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Drudge Retort: The Other Side of the News
Thursday, March 26, 2020

[N]ot even grocery stores can keep up the facade of normalcy. As many health experts have feared, last week, reports began to trickle in of grocery-store workers coming down with COVID-19, the disease caused by the coronavirus.

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Grocery store workers and metro bus drivers are America's knights in dull armor and they all deserve thanks and a salute!

#1 | Posted by grumpy_too at 2020-03-24 09:34 PM | Reply | Newsworthy 1

#1

Service workers of all kinds have been at the front lines of this the whole time. We may be on the verge of seeing an attitude shift in how we view service employees.

If things get bad enough you may even see wage or benefit growth for them. Once a store can't staff at current wage levels they will be forced to close or pay more. The ones that choose to pay more have a better chance of surviving if this lasts months so the trend might outlast the virus.

Or I might be a dreamer.

#2 | Posted by TaoWarrior at 2020-03-24 09:46 PM | Reply | Newsworthy 1

Doctors are essential.
Fast food workers are... replaceably essential.
Make sure the poor are desperate enough and they will do the essential work.

#3 | Posted by snoofy at 2020-03-24 09:59 PM | Reply

Tipping has gotten out of hand.

#4 | Posted by sentinel at 2020-03-24 10:50 PM | Reply

Have it so that customers can order from a menu and have it brought to the front door.

#5 | Posted by Tor at 2020-03-24 11:23 PM | Reply

#5

There is this thing called the "internet" where you can order things off a "menu" from your computer and they will deliver it to your door, you should try it some time.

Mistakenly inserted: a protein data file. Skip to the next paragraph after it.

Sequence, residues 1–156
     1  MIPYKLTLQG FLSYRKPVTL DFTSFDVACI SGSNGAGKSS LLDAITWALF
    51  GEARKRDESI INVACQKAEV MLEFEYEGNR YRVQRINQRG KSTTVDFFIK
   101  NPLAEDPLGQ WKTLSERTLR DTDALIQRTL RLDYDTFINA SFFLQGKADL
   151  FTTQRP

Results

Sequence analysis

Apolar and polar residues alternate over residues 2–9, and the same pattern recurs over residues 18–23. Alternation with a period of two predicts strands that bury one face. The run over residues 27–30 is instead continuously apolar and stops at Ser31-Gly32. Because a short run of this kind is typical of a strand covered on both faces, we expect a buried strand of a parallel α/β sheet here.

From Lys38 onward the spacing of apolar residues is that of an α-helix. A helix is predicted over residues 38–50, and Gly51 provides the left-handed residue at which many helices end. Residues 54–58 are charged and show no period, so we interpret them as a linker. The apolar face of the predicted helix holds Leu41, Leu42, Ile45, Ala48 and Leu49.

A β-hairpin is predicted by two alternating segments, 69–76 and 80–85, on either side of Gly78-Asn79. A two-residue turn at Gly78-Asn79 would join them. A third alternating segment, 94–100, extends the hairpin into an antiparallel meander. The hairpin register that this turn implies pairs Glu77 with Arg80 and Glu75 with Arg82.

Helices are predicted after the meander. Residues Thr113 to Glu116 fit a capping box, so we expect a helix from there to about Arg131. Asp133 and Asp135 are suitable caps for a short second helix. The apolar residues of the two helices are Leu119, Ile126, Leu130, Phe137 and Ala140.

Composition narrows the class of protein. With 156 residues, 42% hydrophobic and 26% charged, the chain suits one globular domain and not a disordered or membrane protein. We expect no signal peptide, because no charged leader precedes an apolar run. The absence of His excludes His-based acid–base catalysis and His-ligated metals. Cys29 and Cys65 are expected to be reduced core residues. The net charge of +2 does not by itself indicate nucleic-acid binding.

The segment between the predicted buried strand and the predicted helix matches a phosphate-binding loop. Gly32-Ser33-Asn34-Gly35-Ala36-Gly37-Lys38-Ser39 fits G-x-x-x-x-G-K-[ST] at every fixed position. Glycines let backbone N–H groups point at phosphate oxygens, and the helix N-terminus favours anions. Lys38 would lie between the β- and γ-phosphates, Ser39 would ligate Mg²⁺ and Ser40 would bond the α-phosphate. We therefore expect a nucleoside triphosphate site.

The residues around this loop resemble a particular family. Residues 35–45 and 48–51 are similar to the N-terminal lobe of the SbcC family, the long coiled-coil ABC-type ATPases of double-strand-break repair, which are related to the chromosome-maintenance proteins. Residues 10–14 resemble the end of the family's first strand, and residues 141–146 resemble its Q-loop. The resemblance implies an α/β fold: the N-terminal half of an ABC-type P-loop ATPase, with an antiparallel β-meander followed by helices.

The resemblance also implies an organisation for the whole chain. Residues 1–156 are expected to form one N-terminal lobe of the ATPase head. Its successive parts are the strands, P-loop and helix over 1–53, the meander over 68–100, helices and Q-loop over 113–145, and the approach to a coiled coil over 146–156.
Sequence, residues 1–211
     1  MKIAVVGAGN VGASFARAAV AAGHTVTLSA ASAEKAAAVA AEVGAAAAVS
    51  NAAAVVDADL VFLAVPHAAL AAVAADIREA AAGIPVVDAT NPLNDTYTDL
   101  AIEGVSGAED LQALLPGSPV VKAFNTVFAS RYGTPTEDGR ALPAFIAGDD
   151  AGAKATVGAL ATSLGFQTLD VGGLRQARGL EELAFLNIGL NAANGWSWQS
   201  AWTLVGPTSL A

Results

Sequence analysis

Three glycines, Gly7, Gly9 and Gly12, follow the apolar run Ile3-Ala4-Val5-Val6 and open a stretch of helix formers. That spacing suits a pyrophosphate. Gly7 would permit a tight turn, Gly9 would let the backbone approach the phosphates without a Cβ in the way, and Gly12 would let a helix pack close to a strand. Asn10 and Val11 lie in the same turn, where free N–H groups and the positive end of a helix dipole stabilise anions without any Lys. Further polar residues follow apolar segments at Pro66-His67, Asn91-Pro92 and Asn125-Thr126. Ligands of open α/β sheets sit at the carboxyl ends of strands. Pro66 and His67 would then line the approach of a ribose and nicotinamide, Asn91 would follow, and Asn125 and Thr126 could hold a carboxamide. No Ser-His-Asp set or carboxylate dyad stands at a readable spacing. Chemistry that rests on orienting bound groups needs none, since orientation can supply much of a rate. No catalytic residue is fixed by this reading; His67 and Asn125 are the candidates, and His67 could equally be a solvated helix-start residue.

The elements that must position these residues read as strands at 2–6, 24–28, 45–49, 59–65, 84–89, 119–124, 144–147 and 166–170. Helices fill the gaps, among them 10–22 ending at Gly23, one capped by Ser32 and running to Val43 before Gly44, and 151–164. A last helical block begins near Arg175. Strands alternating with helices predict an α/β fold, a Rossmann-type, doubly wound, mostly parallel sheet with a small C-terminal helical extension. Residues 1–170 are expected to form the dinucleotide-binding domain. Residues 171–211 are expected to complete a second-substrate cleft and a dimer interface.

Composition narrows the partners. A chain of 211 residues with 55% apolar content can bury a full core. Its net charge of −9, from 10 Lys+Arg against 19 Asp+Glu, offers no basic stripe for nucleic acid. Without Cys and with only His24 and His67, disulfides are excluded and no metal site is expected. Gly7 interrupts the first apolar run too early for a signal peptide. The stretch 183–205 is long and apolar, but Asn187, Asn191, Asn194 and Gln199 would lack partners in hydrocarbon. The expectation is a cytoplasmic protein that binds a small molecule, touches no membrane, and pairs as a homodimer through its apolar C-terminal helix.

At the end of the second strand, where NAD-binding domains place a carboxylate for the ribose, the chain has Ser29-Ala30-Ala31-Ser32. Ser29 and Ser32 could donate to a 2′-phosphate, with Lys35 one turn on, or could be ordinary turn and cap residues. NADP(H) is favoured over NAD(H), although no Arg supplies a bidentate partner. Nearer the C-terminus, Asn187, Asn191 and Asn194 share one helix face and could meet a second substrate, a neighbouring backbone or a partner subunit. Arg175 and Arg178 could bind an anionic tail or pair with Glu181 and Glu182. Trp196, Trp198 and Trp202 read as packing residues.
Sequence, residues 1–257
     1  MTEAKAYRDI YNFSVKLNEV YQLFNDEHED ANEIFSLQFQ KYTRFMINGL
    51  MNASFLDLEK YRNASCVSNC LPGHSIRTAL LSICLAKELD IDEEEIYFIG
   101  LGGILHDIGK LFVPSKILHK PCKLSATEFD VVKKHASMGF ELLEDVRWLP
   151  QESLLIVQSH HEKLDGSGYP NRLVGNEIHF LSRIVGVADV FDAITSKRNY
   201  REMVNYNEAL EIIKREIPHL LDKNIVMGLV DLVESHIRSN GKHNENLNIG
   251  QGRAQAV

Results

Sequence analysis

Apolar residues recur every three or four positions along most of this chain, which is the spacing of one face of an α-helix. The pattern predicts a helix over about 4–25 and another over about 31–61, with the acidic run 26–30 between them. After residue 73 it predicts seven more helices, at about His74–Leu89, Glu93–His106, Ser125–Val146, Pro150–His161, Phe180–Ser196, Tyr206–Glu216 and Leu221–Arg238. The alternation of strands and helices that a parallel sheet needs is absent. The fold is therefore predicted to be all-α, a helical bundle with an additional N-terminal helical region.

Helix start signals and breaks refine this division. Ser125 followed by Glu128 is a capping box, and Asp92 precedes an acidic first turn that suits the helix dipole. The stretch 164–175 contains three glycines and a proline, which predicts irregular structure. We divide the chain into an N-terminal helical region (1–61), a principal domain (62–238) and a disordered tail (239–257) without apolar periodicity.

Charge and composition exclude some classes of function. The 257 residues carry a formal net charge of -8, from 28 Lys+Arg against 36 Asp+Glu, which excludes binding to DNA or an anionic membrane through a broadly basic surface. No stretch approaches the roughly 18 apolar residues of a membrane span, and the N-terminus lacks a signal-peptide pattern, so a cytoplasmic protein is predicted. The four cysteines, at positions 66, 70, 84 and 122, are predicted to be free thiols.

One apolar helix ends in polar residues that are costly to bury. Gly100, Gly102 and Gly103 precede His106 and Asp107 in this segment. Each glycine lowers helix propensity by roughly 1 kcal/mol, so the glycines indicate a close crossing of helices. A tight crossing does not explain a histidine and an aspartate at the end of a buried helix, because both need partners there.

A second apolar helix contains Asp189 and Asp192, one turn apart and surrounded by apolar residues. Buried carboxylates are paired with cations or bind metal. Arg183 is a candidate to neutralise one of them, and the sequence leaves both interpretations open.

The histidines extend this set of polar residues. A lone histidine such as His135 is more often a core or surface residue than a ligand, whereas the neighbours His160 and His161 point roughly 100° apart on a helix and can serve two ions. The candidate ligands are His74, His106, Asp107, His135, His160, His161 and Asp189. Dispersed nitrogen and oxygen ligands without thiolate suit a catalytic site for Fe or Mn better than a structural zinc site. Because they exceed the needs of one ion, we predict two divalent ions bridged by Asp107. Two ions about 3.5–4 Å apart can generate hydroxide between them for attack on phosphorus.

#6 | Posted by Rightocenter at 2020-03-25 12:14 AM | Reply

There is this thing called the "internet" where you can order things off a "menu" from your computer and they will deliver it to your door, you should try it some time.

Tried. No luck. Must have to be some kind of Hollywood elite to make that happen. Got your Oscars tickets?

#7 | Posted by REDIAL at 2020-03-25 12:34 AM | Reply

#7 | POSTED BY REDIAL

Wrong thread but I don't care....have you ever tried wrapping your brisket in butcher paper after the stall and after good bark has developed?

What temp are you running your kamado?

#8 | Posted by JeffJ at 2020-03-25 12:37 AM | Reply

#7

Pretty much available all over Southern California, go to Ralphs.com.

#9 | Posted by Rightocenter at 2020-03-25 12:43 AM | Reply

Wrong thread but I don't care....have you ever tried wrapping your brisket in butcher paper

If I do that the Terrorists win.

What temp are you running your kamado?

225ish

#10 | Posted by REDIAL at 2020-03-25 12:51 AM | Reply

Pretty much available all over Southern California...

20 hour drive... I'll see if I can make my own.

#11 | Posted by REDIAL at 2020-03-25 12:58 AM | Reply

Redial,

In my experience and from what I've learned from others at the Pit Master Club at Amazingribs.com 225 is too low for big cuts like brisket. For baby backs and spares it's a good temp - I strive for 225-250 for pork ribs. Briskets and butts actually cook better at higher temps. Try running at the 260-290 range. I know that sounds extremely high, but it really does cook better at that range IMO. Like you I avoid wrapping unless I have to speed up the end of the cook. All the more reason higher temps will produce better results for you. Bark rules, but we don't want jerky. Also, with a slightly bigger fire your kamado will impart more smoke flavor. It's not just the smoke itself that imparts flavor, it's the gases from the fuel itself. If an electric smoker (I used to own a Bradley) produced the same flavor as an offset burning small splits, that requires a lot of baby sitting, produced the same flavor profile - nobody would even bother with charcoal or splits. Propane produces more flavor due to the gases than an electric coil. Charcoal produces more gases than propane - surely you know that when talking about propane vs charcoal the old adage is, "Charcoal tastes better." Wood produces more gases than charcoal. When I use my offset using small hickory splits I achieve a flavor profile I can't achieve in one of my charcoal cookers with charcoal as the fuel and small hickory chunks for the smoke.